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A package to query Postgres databases in parallel

Project description

This class manages multiple database connections, handles the parallel access to it, and hides the complexity this entails. The execution of queries is distributed by running it for each connection in parallel. The result (as retrieved by fetchall() and fetchone()) is the union of the parallelized query results from each connection.

The use case we had in mind when we created this class was having sharded tables (distributed across n database instances) that we needed to query concurrently and merging the results.

See below for an architecture overview for possible inspiration.


The package is in principle database independent, as long as you expect a connection object to respond to (part of) these methods:


To use in its simplest form, do (example using psycopg2 and assuming that dsns is a list containing your databases’ connection strings)

n = 20  # maximum connections per pool
pools = [psycopg2.ThreadedConnectionPool(1, n, dsn=d) for d in dsns]
connections = [p.getconn() for p in pools]
pdb = ParallelConnection(connections)

The pdb object works for the rest like a normal, single, database connection object, but it merges results return by each database. You can therefore use it like so:

c = pdb.cursor(cursor_factory=psycopg2.extras.RealDictCursor)
c.execute("SELECT * FROM my_shrd_tbl WHERE shrd_column = 1543", parameters)
results = c.fetchall()

Results will fetch everything from all database. In case your query has a where in the sharded column (shrd_column) the results from all but one databases will be empty. This is fine, as the package handles it for you. When it gets more interesting is a query like

c = pdb.cursor(cursor_factory=psycopg2.extras.RealDictCursor)
c.execute("SELECT * FROM my_shrd_tbl WHERE not_shrd_column = 543", parameters)
results = c.fetchall()

In this case the query does not have a WHERE on a sharded column, so the package will fetch results from each database and merge them. Why that may be of interest for you, will be shown below.

If you are executing a query on a non-sharded table you should use a normal connection object.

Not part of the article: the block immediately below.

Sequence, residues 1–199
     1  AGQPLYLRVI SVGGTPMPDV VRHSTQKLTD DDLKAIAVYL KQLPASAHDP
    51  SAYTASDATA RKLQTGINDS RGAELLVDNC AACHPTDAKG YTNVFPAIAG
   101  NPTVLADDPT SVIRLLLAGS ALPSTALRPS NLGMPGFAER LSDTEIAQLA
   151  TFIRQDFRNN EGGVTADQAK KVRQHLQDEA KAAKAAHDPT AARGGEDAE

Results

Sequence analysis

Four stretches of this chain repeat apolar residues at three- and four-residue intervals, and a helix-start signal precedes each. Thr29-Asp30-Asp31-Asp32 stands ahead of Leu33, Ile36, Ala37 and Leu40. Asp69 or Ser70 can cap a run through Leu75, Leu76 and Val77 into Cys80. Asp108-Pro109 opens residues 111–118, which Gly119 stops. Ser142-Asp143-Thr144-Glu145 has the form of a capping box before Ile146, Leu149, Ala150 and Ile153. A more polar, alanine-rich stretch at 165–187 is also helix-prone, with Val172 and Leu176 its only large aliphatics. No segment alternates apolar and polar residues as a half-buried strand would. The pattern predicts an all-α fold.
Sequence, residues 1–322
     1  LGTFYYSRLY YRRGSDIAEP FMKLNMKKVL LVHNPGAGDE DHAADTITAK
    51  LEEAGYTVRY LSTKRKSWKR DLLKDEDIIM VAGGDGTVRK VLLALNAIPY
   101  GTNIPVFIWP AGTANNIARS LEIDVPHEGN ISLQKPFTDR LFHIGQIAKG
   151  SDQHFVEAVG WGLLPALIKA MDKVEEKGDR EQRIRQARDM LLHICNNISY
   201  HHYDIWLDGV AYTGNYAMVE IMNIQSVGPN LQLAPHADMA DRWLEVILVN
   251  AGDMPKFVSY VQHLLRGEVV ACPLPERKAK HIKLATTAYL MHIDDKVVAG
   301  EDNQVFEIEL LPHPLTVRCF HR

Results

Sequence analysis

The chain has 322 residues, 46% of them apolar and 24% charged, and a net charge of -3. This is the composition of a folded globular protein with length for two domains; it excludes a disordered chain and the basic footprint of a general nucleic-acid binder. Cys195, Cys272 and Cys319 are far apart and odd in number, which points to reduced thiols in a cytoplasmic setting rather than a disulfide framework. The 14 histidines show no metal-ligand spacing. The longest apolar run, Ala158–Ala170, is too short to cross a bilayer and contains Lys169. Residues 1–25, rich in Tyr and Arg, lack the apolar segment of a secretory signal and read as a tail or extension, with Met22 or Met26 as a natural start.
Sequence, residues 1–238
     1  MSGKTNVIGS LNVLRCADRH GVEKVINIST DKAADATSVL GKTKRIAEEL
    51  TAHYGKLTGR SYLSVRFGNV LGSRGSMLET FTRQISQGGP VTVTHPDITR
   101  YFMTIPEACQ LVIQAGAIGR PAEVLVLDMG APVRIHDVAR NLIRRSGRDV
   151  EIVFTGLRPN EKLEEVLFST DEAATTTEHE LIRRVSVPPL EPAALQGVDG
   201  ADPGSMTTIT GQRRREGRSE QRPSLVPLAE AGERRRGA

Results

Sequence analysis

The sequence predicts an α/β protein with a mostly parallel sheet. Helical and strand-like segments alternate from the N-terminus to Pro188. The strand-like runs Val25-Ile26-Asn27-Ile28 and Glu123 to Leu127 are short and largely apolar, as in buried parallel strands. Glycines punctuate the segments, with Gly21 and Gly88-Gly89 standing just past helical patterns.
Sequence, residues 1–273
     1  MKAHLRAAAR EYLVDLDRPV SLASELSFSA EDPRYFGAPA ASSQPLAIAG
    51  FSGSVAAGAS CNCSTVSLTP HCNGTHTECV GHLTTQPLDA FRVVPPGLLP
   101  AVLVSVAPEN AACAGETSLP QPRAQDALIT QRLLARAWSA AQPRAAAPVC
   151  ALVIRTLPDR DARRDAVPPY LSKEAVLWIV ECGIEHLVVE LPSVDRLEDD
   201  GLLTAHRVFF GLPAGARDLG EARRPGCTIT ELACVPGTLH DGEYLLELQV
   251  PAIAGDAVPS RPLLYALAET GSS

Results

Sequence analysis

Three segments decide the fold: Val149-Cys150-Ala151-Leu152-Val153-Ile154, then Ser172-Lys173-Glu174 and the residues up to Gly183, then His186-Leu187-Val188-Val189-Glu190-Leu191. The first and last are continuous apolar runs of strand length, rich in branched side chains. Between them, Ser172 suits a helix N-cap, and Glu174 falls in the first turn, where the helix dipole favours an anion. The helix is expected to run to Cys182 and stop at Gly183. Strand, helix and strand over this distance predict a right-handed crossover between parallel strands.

Architectural motivation

We found ourselves having long running queries that where aggregating records on a particular column (let’s call it shrd_column). To reduce the run-time we decided to split only the table(s) containing shrd_column between multiple databases, and have each database have a copy of all non-sharded tables.

Then each query grouping on shrd_column can be basically be executed independently in each databases. The results still need to be merged though, so that’s why we build this package (we call it package even if Niels insists on calling it “just a class”).


Q. Why don’t you use things as pg_shard?

A. Because pg_shard doesn’t handle JOIN on the distributed query, which we want to do. Our package has the additional advantage that all the databases are completely unaware of each other. It all happens on the application layer and on the ingestion layer.

Q. What about if a machine goes down, etc.?

A. Just use two machines with a load balancer in front of them.

Q. What about INSERT?

A. Yeah, we don’t do that sort of things (it’s read-only application for explorative purposes). But feel to see if it works, and fix it plus submitting a PR if it doesn’t.

Q. What about how to shard the data? This package does nothing, Niels is right!

A. We trust you are savvy enough to do that by yourself before ingestion. We could help you with that though, just drop us a line.

Q. I want to know more!

A. That’s technically not a question, but you can begin by watching Niels present the project at PyData Paris 2015. It’s on Youtube.

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